No, only the person who files a bankruptcy case will have the filing reported on their credit history. Under the bankruptcy code, a person has a right to file a case without their spouse.
As a bankruptcy attorney in Asheville, NC, a common question I receive from stressed out consumers is whether they should file a bankruptcy case without their spouse. Just as a bankruptcy filing does not get reported to the credit bureaus for a non-filing spouse, the liability on debts does not go away for the non-filing spouse either.
In order to give good advice, I will typically look at the credit reports for both spouses to determine: (1) how much debt is owed by the non-filing spouse, and (2) whether the non-filing spouse’s credit score is distressed already.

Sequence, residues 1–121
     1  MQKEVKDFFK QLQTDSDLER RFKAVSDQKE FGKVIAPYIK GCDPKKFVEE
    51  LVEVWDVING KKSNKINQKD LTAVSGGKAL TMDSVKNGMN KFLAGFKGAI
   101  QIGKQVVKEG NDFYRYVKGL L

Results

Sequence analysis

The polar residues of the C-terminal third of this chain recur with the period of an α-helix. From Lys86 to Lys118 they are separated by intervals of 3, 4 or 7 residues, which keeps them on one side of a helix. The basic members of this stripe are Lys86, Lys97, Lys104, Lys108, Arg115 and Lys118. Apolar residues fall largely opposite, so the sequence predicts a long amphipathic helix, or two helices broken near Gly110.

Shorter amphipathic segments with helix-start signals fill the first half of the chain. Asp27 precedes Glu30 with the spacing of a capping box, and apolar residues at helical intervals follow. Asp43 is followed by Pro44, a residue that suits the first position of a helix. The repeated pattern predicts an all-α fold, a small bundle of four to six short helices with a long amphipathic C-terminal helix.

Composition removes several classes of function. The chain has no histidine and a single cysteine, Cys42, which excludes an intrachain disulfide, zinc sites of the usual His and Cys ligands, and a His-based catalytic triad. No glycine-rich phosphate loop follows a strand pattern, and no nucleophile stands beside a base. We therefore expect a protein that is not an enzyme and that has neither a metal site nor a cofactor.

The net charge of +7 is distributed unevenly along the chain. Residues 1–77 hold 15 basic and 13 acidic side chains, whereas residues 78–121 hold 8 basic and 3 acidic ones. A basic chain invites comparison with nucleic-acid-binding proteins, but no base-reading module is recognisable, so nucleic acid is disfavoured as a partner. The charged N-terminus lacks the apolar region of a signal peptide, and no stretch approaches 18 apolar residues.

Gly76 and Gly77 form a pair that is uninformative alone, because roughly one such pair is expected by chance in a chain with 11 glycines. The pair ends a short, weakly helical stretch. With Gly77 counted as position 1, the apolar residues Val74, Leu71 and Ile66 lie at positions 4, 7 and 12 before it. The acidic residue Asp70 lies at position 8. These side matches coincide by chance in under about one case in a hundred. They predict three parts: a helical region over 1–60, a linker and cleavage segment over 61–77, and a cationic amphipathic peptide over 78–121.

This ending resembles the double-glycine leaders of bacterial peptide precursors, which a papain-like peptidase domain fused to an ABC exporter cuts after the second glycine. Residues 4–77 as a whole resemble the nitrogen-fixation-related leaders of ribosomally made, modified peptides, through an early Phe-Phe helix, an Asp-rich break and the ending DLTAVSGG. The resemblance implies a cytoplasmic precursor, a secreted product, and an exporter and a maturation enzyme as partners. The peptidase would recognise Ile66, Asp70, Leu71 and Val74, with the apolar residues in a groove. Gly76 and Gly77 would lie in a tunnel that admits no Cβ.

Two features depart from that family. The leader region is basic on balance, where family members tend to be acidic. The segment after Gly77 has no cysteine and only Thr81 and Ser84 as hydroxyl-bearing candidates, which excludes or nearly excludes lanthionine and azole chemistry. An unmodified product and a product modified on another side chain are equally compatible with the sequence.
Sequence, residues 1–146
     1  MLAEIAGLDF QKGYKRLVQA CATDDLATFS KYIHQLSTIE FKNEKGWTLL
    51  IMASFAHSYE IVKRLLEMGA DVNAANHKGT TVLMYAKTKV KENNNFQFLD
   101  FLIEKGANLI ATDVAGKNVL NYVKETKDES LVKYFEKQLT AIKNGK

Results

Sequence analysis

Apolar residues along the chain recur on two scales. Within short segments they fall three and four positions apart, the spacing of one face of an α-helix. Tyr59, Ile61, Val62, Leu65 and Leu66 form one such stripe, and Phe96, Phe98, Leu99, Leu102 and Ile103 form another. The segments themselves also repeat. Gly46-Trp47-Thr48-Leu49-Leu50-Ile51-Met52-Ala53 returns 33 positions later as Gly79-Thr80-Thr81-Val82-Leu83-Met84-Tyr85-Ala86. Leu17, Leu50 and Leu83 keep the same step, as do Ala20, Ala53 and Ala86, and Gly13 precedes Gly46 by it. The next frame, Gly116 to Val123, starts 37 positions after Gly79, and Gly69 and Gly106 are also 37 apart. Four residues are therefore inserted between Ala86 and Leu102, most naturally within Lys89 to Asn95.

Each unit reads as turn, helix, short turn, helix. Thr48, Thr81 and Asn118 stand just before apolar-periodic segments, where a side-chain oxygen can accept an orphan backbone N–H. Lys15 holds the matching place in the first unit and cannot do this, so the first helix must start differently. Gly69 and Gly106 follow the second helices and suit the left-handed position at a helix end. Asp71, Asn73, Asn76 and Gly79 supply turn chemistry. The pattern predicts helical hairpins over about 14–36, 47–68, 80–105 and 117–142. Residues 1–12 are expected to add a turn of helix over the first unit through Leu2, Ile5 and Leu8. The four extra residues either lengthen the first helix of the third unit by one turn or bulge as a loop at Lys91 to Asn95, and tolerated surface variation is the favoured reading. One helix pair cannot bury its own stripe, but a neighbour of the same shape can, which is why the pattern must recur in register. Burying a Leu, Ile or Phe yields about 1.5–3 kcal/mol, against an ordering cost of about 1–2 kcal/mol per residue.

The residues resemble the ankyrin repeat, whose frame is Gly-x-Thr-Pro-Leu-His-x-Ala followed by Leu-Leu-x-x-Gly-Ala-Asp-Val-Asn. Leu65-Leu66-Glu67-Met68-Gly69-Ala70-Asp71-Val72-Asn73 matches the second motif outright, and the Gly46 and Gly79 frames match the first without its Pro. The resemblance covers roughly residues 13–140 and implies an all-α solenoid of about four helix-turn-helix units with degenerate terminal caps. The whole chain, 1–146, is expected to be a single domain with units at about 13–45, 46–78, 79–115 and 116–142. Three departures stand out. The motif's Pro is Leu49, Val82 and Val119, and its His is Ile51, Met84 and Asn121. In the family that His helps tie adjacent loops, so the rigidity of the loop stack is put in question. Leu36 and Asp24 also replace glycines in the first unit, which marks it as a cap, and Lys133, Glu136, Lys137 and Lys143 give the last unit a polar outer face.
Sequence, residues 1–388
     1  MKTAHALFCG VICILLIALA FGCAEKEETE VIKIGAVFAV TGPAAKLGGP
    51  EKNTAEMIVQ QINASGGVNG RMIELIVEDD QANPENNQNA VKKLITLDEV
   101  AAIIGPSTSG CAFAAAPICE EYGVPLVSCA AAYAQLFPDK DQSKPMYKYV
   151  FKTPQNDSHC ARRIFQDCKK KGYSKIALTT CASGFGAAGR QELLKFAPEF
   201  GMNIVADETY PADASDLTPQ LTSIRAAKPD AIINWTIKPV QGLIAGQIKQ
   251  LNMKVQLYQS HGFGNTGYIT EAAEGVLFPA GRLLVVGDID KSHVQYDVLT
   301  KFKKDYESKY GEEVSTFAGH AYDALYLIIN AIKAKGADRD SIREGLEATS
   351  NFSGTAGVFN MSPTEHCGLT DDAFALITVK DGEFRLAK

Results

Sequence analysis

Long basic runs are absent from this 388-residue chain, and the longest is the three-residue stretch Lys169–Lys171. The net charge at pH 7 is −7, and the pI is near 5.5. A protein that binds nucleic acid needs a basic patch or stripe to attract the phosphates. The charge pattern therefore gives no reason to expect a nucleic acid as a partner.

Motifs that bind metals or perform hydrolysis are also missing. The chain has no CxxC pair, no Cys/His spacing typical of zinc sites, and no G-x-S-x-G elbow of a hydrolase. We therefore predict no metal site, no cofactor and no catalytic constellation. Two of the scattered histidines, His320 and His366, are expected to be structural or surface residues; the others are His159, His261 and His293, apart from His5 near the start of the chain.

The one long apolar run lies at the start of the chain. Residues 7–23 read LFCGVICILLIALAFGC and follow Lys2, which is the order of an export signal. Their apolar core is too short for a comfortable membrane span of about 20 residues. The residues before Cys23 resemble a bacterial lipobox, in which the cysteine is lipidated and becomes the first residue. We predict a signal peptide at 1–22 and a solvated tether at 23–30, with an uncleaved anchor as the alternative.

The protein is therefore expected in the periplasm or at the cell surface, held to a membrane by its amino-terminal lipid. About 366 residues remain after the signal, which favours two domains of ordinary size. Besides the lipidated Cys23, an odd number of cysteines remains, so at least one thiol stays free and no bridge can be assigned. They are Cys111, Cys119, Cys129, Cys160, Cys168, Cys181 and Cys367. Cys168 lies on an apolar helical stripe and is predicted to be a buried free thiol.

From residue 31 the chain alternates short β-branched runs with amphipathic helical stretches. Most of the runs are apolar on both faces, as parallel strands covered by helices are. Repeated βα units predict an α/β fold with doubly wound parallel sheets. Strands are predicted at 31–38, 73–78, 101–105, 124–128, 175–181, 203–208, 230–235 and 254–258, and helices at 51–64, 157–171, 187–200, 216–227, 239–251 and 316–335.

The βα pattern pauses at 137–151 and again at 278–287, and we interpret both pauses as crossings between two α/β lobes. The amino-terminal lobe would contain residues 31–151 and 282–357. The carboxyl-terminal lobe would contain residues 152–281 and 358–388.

If there is significant debt in the non-filing spouse’s name already, and there has already been some damage done to their credit score, my recommendation is usually to go ahead file a case jointly. Under the bankruptcy code, a joint case is technically two separate bankruptcy cases, one for each spouse. However, because the amount of work is roughly the same for an individual or jointly-filed case, the costs of filing (Attorney Fees, Court Filing Fees) are usually about the same.
If we can get more relief for a household by filing jointly, doing so can provide more relief for the same amount of cost. If you are ready to figure out your family’s financial options, and live in Western North Carolina, please contact me for a free, initial bankruptcy consultation.